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Discrimination holds back religious minority children

Published in: The Jakarta Post
Members of the National Commission for Child Protection speak with students at SDN 51 state elementary school, including Maria Tunbonat and her siblings in Tarakan, North Kalimantan, Indonesia, November 2021. © Photo courtesy of Retno Listyarti of the National Commission for Child Protection

In December 2021, I had the chance to talk with a bright 14-year-old girl named Maria Tunbonat, a fifth-grader in a state school in Tarakan, North Kalimantan. Her father, Ayub, also joined the video call as we spoke about her school and her hobbies.

Maria has been a fifth-grader for three years because her teachers refuse to let her move on to the next grade. The reason? Maria and her family are Jehovah’s Witnesses.

Jehovah's Witnesses originated in the United States during the 19th century but have since expanded worldwide. Now they have 510 congregations in Indonesia. The group said it had 8.7 million Jehovah's Witnesses worldwide in 2021.

Jehovah’s Witnesses have specific views on key Christian theological issues that make them unpopular with some members of the Christian establishment in Indonesia and elsewhere in the world. Jehovah's Witnesses were banned in Indonesia between 1976 and 2001. In 2002, the Religious Affairs Ministry allowed them to register in Indonesia.

In November 2021, the National Commission for Child Protection revealed that Maria and her two younger brothers at SDN 51 state elementary school in Tarakan had been denied a passing grade since 2019 despite their excellent academic records.

Ayub told me that he, his wife and children, Maria, Yosua (grade 4), and Yonatan (grade 2) had converted to become Jehovah’s Witnesses in November 2018. It seemed like a simple conversion, but teachers at the local school disapproved, saying the children were “deviating from Christian teachings".

In 2019, the school expelled them, saying the three siblings had refused to sing the Indonesian national anthem, Indonesia Raya. The siblings had joined school assemblies and stood with respect but refused to sing and salute the national flag in accordance with Jehovah’s Witnesses' beliefs.

“We do not venerate the cross or any other images,” the group’s website says.

Ayub filed a lawsuit against the school at the Samarinda State Administrative Court, saying that his children only “saluted God” but neither disrespected the anthem nor the flag. In September 2020, the Indonesian court ruled in favor of the children, allowing them to resume schooling after months of absence.

The siblings stayed in their same grades in 2020. According to the school principal, FX Hasto Budi, SDN 51 has 158 Muslim students, two Catholics and four Protestants, including the siblings. The school has a part-time teacher to teach Christianity classes, and Ayub agreed to enroll his children in those classes. In Indonesia, students take mandatory religious instruction based on their religion.

When I spoke to Budi, he told me that the three siblings had refused to sing “certain Christian songs” and thus the school failed them in their religion classes. Budi decided to hold them back from moving up to the next grade in 2022.

Indonesia's 1965 blasphemy law “recognizes” only six religions: Islam, Protestantism, Catholicism, Hinduism, Buddhism and Confucianism. Budi said he would allow the three children to advance in grades if the government changed the law to recognize Jehovah’s Witnesses.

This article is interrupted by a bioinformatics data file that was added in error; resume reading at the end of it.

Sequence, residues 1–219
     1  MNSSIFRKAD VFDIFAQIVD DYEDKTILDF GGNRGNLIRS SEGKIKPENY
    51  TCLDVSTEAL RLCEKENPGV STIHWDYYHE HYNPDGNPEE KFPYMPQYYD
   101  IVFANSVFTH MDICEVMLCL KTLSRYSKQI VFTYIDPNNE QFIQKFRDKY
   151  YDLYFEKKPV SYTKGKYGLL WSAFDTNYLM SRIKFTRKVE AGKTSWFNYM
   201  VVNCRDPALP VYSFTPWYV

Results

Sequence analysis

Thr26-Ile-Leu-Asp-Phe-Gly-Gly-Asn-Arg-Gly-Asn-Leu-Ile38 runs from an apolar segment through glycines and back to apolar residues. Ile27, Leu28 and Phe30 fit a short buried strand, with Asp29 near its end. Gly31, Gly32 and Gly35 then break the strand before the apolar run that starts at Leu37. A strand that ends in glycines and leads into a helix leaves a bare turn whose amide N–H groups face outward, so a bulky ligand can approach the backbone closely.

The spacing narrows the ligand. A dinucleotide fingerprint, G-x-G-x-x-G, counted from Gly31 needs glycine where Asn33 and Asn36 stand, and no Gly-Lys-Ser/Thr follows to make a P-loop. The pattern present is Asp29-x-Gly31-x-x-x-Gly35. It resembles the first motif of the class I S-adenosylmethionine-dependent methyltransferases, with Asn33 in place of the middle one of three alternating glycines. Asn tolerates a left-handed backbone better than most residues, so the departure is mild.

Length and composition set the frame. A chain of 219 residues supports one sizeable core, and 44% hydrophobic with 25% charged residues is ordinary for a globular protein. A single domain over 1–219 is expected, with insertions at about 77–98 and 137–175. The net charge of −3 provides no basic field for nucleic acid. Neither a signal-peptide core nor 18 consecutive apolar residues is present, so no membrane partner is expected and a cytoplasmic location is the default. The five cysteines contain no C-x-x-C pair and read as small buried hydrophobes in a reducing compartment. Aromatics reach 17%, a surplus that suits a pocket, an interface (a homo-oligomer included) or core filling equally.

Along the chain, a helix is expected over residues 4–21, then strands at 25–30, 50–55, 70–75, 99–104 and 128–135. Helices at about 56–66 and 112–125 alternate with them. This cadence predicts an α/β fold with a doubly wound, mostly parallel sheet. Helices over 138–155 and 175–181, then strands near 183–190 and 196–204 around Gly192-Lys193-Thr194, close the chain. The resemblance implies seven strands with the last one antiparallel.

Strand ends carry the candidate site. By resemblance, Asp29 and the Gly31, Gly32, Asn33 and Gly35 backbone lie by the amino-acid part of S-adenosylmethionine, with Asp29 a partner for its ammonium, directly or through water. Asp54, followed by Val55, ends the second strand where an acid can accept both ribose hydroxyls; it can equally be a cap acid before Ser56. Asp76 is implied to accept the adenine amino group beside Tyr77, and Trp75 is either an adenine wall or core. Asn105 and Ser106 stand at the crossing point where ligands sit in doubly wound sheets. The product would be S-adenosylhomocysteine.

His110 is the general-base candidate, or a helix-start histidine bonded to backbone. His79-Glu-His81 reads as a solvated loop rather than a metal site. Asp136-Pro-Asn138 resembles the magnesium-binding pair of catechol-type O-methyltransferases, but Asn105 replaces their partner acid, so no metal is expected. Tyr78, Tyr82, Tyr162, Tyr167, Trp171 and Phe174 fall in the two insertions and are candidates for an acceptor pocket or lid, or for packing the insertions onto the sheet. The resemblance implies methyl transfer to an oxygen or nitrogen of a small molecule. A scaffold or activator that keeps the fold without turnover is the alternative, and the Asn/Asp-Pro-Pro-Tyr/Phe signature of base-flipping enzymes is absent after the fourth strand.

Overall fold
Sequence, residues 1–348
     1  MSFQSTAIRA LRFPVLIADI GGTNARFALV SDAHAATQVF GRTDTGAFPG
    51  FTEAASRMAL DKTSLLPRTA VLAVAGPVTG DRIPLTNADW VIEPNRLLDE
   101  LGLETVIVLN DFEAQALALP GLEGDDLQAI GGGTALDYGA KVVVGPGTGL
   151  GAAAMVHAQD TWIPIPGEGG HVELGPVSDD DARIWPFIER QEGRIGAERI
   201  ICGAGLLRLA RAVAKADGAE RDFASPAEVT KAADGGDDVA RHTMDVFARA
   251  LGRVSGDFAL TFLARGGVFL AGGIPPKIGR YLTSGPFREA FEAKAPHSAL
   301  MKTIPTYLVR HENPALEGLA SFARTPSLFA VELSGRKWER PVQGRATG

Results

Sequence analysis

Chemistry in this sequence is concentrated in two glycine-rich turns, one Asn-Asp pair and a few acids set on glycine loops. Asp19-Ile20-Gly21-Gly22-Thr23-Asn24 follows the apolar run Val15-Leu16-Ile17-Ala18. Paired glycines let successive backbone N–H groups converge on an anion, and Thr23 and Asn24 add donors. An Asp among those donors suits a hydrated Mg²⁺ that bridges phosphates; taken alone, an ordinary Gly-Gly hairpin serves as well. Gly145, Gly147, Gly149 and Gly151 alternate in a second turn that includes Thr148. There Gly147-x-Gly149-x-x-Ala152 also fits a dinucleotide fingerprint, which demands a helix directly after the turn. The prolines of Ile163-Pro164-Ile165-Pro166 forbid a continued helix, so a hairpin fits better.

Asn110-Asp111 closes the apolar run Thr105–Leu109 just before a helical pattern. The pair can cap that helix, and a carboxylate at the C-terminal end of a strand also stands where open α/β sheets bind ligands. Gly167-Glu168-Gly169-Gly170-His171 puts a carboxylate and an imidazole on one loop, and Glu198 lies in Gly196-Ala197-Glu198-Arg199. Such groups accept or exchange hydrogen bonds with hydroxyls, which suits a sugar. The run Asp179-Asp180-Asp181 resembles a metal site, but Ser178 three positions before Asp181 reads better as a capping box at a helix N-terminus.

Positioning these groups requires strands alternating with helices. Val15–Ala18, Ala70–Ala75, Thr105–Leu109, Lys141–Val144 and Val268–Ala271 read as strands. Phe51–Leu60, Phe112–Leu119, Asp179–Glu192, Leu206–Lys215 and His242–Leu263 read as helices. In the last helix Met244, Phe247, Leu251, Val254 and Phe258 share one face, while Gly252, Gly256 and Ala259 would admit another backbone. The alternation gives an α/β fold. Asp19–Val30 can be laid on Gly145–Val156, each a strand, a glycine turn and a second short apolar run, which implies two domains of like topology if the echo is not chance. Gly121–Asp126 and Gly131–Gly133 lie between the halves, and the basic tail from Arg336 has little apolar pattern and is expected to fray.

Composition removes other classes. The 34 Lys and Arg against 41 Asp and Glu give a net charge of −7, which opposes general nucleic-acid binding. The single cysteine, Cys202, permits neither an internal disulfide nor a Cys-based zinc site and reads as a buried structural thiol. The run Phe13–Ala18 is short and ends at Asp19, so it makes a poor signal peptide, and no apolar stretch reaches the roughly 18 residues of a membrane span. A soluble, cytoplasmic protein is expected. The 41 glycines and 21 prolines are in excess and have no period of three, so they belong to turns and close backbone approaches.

“If the Jehovah’s Witnesses claims to be under Christianity, then they must obey the guidelines from the Christian church,” he said. “The Religious Affairs Ministry has a legal explanation about Christian education.”

But this is a misreading of the blasphemy law. The explanation attached to the law states that despite “protecting” the six religions from defamation, Indonesia still allows other religions and beliefs to be practiced in Indonesia. President Sukarno, who wrote the law in January 1965, explicitly mentioned that “Judaism, Zoroastrian, Shinto, Taoism and others” could be practiced.

The 2014 Children Protection Law also says that all children have the right to practice their religions and beliefs. Article 21 says the state, the central government and local governments are obligated and responsible for fulfilling the rights of children without discrimination, including on the basis of religion.

Denying elementary students and advancement to the next grade because of their faith violates their rights to education and freedom of worship. The principal could simply ask the students to take Jehovah’s Witnesses lessons from their community in Tarakan, like Sunda Wiwitan students in West Java have done, or offer another accommodation at the school. 

Ario Sulistiono of the Jehovah’s Witnesses office in Jakarta told me that a total of 22 children have faced similar problems elsewhere in Indonesia since 2016.  In most cases, parents decided to move their children to other schools that did not discriminate against them in this way. But this is an unacceptable price to pay for one’s religious beliefs. The Tarakan authorities should direct the principal to promote the siblings to their proper grade level immediately. The Education, Culture, Research and Technology Ministry should issue national instructions prohibiting such discrimination.

As I was saying goodbye, Maria asked me what she should spend time learning, as repeating her grade has left her with a lot of time. I suggested she study English, as it will open up a world of information and ideas. 
 

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